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NCAA moving three-point line to international distance in men’s basketball

March Madness 2020

SALT LAKE CITY, UT - MARCH 16: The NCAA logo is seen in the second half of the game between the Northwestern Wildcats and the Vanderbilt Commodores during the first round of the 2017 NCAA Men’s Basketball Tournament at Vivint Smart Home Arena on March 16, 2017 in Salt Lake City, Utah. (Photo by Christian Petersen/Getty Images)

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The NCAA announced rules changes for the upcoming men’s basketball season on Wednesday as the three-point line will be moved to the international distance of 22 feet, 1 3/4 inches for the upcoming 2019-20 season.

Voted by Men’s Basketball Rules Committee members after the international line was used in the postseason NIT the past two years, the longer distance received positive feedback. The change was highlighted for three particular reasons.

Deeper three-point range will ideally slow down the three-pointer “becoming too prevalent in men’s college basketball by making the shot a bit more challenging.” The lane will also become more available for players attacking off the dribble. And spacing will also be aided by the additional distance from the arc.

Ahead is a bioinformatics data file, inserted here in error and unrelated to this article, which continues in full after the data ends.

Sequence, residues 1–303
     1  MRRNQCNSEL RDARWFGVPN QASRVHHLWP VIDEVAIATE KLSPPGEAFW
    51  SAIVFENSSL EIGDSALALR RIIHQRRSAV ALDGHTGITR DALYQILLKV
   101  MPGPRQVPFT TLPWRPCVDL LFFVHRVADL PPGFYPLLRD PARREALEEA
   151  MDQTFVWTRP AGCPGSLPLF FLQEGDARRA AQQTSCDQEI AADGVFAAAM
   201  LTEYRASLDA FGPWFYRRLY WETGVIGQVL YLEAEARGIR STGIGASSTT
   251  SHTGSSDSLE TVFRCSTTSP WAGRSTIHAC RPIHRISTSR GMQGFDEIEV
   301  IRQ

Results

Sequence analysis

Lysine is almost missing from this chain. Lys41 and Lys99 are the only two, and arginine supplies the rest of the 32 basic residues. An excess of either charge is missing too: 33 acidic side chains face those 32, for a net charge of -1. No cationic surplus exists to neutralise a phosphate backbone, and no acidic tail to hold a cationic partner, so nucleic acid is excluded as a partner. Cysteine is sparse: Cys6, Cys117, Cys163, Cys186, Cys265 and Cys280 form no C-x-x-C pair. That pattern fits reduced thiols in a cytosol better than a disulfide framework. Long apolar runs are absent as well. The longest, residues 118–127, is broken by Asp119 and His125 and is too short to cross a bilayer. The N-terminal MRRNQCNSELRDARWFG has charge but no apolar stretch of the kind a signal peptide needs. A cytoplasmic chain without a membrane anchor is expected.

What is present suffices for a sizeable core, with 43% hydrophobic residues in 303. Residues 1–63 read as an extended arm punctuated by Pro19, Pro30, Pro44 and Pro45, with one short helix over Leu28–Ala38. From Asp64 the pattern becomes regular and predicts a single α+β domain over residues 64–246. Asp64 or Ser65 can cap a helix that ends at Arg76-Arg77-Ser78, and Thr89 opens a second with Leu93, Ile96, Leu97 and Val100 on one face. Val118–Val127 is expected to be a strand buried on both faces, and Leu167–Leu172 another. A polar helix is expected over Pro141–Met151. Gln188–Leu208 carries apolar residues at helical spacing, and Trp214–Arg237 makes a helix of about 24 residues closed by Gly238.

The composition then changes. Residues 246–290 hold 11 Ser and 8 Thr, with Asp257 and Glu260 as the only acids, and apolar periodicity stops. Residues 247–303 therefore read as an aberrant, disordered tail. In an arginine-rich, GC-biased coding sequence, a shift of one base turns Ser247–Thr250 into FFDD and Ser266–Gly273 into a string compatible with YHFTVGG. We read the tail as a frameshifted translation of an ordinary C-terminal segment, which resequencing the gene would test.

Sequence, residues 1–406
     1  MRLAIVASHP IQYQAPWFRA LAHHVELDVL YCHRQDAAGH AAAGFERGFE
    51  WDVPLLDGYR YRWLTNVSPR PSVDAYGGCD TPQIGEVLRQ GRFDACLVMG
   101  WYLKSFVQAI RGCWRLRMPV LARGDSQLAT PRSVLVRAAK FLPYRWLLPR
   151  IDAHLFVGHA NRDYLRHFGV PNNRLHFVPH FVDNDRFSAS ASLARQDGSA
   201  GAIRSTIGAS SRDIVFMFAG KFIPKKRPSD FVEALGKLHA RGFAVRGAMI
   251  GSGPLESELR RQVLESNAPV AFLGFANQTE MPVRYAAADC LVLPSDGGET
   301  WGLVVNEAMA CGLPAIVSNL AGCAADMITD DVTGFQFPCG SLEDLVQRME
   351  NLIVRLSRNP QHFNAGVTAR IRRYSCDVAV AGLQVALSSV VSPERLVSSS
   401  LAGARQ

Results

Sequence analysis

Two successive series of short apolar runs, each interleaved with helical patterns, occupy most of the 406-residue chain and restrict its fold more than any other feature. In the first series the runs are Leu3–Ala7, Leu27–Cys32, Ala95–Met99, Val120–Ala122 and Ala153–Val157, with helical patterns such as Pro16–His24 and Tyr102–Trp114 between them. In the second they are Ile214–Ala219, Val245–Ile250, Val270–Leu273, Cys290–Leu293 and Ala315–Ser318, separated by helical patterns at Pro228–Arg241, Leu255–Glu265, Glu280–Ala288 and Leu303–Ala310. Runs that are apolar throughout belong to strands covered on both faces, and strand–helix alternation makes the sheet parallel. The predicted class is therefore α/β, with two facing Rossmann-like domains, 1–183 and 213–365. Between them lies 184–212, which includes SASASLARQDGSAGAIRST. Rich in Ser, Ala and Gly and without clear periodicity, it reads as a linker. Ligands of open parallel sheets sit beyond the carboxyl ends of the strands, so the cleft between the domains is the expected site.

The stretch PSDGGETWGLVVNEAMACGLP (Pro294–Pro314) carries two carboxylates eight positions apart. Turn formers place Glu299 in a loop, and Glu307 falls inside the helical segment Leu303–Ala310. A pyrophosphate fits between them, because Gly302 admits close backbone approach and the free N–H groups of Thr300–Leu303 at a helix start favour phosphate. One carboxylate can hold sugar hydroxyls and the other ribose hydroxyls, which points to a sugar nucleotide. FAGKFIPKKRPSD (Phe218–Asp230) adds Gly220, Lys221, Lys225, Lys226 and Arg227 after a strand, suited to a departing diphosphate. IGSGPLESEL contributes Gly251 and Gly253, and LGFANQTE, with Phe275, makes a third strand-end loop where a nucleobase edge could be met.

This is the first time college basketball has moved the three-point line since before the 2008-09 season when the distance changed from 19 feet, 9 inches to 20 feet, 9 inches. Since that change 10 years ago, the NCAA noted that three-pointer percentages steadily increased back to previous levels seen before the change as players and teams adapted to the deeper distance over time.

The international line is a bit more challenging than the current 20 feet, 9 inches, but there are also plenty of deep-ball specialists who are shooting regularly beyond NBA three-point range. The new distance will give those players a bit of an advantage (and more value in recruiting).

Resetting the shot clock after offensive rebounds is another change in the works for men’s college basketball. After an offensive team corrals an offensive rebound, the shot clock will reset back to 20 seconds instead of the full 30-second shot clock in an effort to enhance pace. The NBA has also made this similar shot-clock reset change, so this is a rule that has been changing steadily across all levels of basketball.

The panel also approved a proposal where players will receive a technical foul for using derogatory language regarding an opponent’s race, ethnicity, national origin, religion, gender, gender expression, gender identify, sexual orientation or disability. Coaches will also be allowed to call live-ball timeouts during the final two minutes of the second half and the last two minutes of any overtimes. The previous rule didn’t allow coaches to call live-ball timeouts during the game.